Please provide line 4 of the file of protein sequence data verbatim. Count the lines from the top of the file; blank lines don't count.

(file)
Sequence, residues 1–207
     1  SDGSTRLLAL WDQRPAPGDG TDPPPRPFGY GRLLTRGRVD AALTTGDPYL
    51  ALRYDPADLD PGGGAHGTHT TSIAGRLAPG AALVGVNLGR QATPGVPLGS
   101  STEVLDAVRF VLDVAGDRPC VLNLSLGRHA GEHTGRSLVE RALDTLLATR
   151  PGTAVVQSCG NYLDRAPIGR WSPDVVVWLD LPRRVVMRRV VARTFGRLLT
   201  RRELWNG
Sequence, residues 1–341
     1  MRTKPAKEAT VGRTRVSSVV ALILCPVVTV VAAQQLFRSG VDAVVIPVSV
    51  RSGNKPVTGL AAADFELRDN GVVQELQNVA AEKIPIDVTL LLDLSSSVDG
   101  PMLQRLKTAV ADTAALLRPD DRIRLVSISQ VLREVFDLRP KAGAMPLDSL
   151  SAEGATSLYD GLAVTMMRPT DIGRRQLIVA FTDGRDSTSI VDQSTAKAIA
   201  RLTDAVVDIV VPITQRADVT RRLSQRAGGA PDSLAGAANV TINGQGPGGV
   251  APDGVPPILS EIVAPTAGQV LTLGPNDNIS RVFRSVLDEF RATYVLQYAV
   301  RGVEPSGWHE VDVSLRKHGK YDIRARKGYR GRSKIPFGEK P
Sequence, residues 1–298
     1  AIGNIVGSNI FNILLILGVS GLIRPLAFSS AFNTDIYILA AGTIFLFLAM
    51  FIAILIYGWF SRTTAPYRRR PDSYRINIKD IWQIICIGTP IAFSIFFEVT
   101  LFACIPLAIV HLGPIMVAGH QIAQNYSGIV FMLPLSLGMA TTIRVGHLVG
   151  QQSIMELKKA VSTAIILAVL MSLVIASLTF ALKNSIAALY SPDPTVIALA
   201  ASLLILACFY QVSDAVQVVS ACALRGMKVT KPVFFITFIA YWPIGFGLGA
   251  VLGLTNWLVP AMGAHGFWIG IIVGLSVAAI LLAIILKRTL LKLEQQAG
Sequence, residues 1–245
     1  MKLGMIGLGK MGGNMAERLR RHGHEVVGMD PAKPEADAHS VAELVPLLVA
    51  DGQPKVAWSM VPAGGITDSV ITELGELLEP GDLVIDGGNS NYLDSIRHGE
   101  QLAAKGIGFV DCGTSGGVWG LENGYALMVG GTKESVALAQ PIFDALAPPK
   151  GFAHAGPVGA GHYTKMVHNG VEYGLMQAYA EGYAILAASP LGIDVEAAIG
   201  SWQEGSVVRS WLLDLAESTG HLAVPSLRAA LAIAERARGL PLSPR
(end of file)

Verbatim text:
   101  STEVLDAVRF VLDVAGDRPC VLNLSLGRHA GEHTGRSLVE RALDTLLATR